Dear Readers…

I have switched to a self-hosted blog. Unfortunately, that means that I can’t bring my WordPress email subscribers with me (at least, not that I know of). I would really love it if you would all come with me though! All you have to do is go to http://owltellyouaboutit.com, and that will take you to the new site. There is an email subscription there that will be delivered by Feedburner. I hope you will come and re-subscribe. Thanks so much for reading!

If you have any questions don’t hesitate to email me at lauraashlee@gmail.com.

The Girl With the Dragon Tattoo (movie)

Title: The Girl With the Dragon Tattoo
Director: David Fincher
Writers: Steven Zaillian, Stieg Larsson (novel)
Series: Millennium #1
Production Co: MGM
Release Date: 12/20/2011
Length: 158 minutes
Genres: Crime, Drama, Mystery
Rating: R

Journalist Mikael Blomkvist is aided in his search for a woman who has been missing for forty years by Lisbeth Salander, a young computer hacker.

I went into this a little wary. I have both read the book and seen the Swedish movie. I was worried when they decided to make an American version, but I think it might be better than both the book and the Swedish movie. Wait! Don’t kill me yet! I’ve always been a big believer in the book is better than the movie, but this is a little different.

I always felt like the plot to the book was solid. It’s what kept me interested. Well, that and Lisbeth’s character. The only thing that I had trouble with was that it was so detailed. It was detailed to the point of driving me insane. I really think a good chunk of the book could have been edited out. Well, in the movie it is! I thought they did an amazing job bringing this book to the screen. It was entertaining the whole time, instead of sometimes boring. There was no dwelling on points that could be made in just a few minutes, and that kept me engaged the entire time.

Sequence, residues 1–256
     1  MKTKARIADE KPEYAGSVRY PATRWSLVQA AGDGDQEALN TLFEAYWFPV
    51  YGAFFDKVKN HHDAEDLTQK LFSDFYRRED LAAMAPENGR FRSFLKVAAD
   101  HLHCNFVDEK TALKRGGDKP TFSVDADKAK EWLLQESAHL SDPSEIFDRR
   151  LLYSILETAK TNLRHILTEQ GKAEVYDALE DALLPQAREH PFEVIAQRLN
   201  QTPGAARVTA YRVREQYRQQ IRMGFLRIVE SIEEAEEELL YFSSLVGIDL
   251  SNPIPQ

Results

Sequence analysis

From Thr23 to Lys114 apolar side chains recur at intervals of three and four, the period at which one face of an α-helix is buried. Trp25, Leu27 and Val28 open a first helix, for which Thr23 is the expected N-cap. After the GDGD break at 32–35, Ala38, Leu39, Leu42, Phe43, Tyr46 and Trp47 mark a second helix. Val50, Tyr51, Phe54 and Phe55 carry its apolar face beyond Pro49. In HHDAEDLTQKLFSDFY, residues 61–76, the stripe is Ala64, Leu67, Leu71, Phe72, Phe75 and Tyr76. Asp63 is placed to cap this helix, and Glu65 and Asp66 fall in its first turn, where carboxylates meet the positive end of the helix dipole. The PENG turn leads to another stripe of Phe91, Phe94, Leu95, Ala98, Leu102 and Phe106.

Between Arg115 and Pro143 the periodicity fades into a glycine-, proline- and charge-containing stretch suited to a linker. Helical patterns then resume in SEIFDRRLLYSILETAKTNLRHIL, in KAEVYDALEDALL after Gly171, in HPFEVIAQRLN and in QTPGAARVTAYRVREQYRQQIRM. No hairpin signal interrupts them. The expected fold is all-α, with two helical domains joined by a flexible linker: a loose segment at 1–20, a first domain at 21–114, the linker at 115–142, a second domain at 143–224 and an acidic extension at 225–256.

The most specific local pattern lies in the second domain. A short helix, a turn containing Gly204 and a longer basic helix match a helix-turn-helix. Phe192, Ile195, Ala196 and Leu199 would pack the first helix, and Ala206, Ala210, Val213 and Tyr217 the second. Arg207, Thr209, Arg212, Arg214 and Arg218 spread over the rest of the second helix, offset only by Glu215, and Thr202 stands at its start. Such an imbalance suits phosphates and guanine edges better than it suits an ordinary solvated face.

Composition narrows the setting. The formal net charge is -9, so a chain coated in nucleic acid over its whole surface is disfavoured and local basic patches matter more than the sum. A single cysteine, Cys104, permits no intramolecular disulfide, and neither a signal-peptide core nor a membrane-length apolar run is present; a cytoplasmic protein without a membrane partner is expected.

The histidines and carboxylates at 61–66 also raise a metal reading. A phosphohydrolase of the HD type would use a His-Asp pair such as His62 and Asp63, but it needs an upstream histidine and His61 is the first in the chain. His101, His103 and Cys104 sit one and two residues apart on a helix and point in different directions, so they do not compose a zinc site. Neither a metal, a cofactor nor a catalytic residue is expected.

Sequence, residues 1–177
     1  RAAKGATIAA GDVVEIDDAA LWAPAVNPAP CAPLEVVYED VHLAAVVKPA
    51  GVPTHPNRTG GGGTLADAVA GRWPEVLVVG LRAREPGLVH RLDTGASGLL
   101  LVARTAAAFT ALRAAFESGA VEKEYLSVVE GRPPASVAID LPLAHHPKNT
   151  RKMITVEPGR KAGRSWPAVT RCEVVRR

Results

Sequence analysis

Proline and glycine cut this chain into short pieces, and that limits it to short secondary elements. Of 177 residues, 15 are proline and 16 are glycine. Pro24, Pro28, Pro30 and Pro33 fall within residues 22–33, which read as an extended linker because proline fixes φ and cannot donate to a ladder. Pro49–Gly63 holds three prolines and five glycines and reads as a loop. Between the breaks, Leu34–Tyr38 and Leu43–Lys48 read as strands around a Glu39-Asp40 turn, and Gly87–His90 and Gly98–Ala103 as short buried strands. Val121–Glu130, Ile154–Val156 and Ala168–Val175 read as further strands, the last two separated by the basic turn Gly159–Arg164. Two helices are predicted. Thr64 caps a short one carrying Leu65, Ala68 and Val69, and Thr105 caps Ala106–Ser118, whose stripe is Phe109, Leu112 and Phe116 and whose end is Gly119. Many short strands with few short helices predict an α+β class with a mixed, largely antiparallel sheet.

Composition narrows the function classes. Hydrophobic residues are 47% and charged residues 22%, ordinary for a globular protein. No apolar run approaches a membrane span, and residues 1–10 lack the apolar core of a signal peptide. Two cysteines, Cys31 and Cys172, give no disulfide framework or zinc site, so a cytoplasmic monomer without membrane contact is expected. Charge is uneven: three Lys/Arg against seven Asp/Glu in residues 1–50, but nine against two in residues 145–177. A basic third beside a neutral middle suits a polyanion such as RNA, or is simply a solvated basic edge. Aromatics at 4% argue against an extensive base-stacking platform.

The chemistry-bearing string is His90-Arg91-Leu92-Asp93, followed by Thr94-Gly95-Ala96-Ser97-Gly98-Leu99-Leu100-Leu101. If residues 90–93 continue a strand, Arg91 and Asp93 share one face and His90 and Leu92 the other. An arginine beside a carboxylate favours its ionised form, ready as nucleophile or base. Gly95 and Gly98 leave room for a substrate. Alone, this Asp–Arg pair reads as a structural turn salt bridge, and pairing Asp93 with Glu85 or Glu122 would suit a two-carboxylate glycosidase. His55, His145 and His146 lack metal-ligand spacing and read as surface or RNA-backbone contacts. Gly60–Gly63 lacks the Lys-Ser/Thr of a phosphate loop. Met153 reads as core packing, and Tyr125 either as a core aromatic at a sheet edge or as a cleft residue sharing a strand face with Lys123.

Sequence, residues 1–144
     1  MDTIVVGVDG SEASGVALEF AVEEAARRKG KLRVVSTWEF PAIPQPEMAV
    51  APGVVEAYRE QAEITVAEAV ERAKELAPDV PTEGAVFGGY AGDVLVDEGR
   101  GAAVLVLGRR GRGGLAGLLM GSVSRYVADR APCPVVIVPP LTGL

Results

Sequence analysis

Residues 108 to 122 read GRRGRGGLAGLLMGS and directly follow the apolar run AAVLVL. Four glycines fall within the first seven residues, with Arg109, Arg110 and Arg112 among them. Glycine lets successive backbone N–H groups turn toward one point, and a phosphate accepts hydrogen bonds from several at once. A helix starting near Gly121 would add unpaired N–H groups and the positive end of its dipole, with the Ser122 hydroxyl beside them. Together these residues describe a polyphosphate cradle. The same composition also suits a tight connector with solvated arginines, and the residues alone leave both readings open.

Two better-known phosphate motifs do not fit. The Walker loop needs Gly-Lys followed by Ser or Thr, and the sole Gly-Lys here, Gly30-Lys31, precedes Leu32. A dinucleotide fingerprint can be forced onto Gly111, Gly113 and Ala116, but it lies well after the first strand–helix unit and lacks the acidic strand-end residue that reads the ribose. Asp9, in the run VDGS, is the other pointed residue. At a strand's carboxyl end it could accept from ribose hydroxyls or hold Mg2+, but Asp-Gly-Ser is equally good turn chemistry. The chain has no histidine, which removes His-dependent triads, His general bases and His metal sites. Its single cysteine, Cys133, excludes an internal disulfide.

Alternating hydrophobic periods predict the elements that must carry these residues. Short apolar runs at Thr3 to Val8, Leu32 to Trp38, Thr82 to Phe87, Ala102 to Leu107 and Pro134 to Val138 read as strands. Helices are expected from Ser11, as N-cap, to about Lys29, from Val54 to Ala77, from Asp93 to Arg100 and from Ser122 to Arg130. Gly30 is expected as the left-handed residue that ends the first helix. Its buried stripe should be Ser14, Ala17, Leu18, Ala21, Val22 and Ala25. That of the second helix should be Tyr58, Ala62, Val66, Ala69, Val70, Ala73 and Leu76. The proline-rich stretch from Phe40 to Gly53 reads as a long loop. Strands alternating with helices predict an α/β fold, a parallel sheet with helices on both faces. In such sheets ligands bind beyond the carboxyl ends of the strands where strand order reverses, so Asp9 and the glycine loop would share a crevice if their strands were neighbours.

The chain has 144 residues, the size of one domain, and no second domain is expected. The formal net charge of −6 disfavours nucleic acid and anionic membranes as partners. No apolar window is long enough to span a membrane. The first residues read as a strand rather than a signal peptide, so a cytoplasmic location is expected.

I was pretty unsure about Daniel Craig as Blomkvist, but he quickly became the character for me. And Rooney Mara was absolutely superb. I think she has Lisbeth down pat. The mannerisms and expressions are perfect. Oh, and Stellan Skarsgard was sufficiently creepy as Martin Vanger. I couldn’t have imagined it any better. In fact, I didn’t think they would use Swedish accents. I was pleasantly surprised when most of the cast actually sounded like they were from Sweden!

I’m actually really excited about the next two films. I love it when bookish movies are done well!

Warning: There are some scenes in this movie that are hard to watch. Not for the faint of heart!

Cloudy with a Chance of Meatballs by Judi Barrett